Table of Contents
- What is moonshine and what is it made from?
- Why make your own moonshine?
- How strong is moonshine?
- How to make moonshine?
- How to keep safe when making moonshine?
- What makes a moonshine recipe better than others?
Just like most spirits, moonshine is a product of distillation. The process of making moonshine involves preparing and fermenting the mash, using the still for the distillation process, and then collecting the distillate. But what happens between those steps is what separates the best techniques from the inferior ones.
Before anything else, allow us to preface this by saying that making moonshine is still very much illegal under federal law in the United States. That means one would need a federal license to legally produce moonshine either for personal consumption or distribution.
That being said...
There has been a resurgence in the popularity of moonshine in recent years with bars calling their best cocktails as ‘moonshine’ and introducing them to a whole new generation of alcohol enthusiasts. It’s no surprise that people are curious about how to make moonshine at home.
What is moonshine and what is it made from?
Historically, moonshine is a homemade drink. Farmers in the Appalachian Mountains would use their own still to make their own “shine” and bottle them in mason jars. Eventually, they realized that it could be a steady source of extra income, so they produced larger quantities for sale.
Moonshine is made from any grain or fruit. Traditionally, whatever grain or fruit that is easily accessible in a given place at a given time would be the base ingredient of choice. The moonshine that we know today, however, typically uses corn as the main source of fermentable sugar. Process-wise, there is not much difference between vodka and moonshine, because both are unaged neutral spirits, typically cut with water to add volume and result in an alcoholic beverage that’s safe to drink.
Moonshine makers or “moonshiners” can either base the drink on a fruit or grain mash from which natural sugars are extracted through fermentation, or they can also use commercial sugar. Sugar is vital in the process and there lies a notable distinction from whiskey, which uses 100% grain. Some people actually refer to moonshine as a kind of "clear, unaged whiskey".
Why make your own moonshine?
You love liquor and we liquor lovers have to admit that there’s definitely something special about making your fermented drink from scratch rather than buying it. That’s true even if you haven’t done it — just the mere fantasy of seeing that first drip out from your still and being able to say you made your own moonshine, followed by the image of getting blitzed and blasted with your friends, is already satisfying.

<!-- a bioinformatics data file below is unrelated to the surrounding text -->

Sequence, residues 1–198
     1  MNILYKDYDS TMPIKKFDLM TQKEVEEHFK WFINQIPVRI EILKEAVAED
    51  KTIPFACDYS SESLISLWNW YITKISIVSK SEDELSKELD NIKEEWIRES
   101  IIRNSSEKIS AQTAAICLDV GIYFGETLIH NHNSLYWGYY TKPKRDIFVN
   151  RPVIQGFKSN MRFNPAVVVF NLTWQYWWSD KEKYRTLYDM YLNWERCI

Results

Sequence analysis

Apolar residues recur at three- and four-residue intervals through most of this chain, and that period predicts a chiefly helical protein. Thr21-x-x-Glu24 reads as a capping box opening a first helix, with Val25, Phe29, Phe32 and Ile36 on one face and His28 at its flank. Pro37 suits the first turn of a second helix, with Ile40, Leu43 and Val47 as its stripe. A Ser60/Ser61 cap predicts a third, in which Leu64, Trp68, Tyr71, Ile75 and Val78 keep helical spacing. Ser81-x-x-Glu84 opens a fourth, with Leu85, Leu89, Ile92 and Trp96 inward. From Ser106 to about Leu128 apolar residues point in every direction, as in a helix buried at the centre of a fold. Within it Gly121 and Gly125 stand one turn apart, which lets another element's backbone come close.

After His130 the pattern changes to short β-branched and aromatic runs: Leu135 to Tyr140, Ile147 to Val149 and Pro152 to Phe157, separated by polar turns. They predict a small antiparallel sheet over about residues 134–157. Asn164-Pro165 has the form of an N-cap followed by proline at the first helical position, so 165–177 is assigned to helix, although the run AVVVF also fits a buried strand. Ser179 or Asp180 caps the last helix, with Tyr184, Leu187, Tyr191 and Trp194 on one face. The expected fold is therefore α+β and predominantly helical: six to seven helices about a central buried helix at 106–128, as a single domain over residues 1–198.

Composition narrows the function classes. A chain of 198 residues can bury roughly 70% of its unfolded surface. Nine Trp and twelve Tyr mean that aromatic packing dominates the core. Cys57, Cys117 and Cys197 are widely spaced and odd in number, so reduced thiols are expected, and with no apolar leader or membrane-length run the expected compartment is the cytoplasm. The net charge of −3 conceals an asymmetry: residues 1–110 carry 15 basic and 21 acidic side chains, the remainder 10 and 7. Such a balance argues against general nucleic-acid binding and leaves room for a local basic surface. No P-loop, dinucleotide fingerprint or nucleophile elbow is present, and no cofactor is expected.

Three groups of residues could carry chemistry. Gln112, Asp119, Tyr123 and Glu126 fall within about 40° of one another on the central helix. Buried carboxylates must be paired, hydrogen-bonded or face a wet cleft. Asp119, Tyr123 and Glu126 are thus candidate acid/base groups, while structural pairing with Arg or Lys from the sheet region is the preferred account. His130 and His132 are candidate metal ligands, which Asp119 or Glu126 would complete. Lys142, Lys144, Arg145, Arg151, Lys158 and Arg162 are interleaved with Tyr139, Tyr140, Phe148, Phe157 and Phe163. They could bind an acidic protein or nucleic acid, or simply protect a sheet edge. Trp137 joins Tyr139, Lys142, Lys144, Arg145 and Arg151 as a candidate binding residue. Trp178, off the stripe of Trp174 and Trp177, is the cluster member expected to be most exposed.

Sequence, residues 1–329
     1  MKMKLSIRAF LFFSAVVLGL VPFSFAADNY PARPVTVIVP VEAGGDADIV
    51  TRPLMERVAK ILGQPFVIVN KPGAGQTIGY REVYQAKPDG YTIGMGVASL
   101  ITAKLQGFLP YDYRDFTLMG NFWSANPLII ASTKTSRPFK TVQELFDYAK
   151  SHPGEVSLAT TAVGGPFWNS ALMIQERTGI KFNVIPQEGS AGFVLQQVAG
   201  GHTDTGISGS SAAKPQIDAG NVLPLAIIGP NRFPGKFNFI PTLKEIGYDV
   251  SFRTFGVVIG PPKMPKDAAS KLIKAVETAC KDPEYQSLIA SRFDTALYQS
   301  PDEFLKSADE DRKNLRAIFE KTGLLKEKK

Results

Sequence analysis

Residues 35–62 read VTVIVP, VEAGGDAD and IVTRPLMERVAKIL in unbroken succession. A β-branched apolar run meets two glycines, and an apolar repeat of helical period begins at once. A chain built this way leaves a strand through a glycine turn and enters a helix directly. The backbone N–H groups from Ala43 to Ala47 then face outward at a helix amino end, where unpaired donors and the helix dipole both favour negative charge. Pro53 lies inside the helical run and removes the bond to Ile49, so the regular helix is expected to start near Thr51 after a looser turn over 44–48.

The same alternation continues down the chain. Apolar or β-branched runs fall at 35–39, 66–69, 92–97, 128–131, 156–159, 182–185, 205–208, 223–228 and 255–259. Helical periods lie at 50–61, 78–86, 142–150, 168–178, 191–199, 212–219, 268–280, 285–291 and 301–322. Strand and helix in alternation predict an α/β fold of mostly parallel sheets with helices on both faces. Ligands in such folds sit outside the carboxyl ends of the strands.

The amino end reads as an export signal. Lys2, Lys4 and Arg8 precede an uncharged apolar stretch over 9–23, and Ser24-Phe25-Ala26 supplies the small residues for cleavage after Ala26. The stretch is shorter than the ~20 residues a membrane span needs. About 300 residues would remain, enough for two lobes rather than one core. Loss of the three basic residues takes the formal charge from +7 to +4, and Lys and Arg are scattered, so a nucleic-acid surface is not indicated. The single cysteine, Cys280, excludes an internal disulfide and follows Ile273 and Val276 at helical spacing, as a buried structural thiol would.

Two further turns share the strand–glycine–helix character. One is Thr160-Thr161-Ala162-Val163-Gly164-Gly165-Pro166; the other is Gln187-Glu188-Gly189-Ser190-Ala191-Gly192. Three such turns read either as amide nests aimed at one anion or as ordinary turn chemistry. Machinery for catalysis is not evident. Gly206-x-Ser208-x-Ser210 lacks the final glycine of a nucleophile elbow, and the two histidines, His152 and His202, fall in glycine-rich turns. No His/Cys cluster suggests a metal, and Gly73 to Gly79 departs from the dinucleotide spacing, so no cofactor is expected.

Distilling is the kind of art and craft that allows for experimentation, but not without limits, of course. You can start your journey with the simplest moonshine runs and — if you’re up for it — work your way up to more sophisticated grain bills, barrel maturations, and many other cool processes that enhance the flavor of the end product. There are a lot of ways to play around with spirits, especially moonshine, that will always give you the thirst for trying out something new.
First, make sure you’re authorized to distill
In the US, you can brew your beer or make your wine at home, but when Johnny Law finds out you’re making moonshine, there are serious penalties. You could go to jail for up to 5 years, pay a fine of up to $10,000, or both.
Why? Well, in 1979, President Jimmy Carter okayed brewing your beer at home without federal taxation, so there’s that. The same goes for wine. All of Europe also allowed homebrewing, and practically anywhere else in the world except for several Middle Eastern nations.
Distilling alcohol, however, is an entirely different story.
You see, it’s not just moonshine that’s illegal to make at home; distilling alcohol — any alcohol — without a permit is illegal, plain and simple. Even producing ethanol that you want to use as fuel will require a license, let alone making alcohol as a beverage. The law does allow you to own a still and use it for distilling water or perhaps use it to produce essential oils. In essence, you can distill all day as long as you don’t distill alcohol without letting the authorities know.
How strong is moonshine?
There’s a scene in the 2012 movie Lawless where Shia LaBeouf and Tom Hardy’s characters were a couple of alcohol bootleggers who used a jar of moonshine as gasoline to power their automobile when they ran out of gas. This idea was most likely conceived based on the popular perception of moonshine as a drink that possesses that kind of power.
In that particular instance, where moonshine was probably made illicitly, the premise is plausible. During the prohibition, moonshine went as high as 190 proof, whereas a car would only need a minimum of 150 proof to run.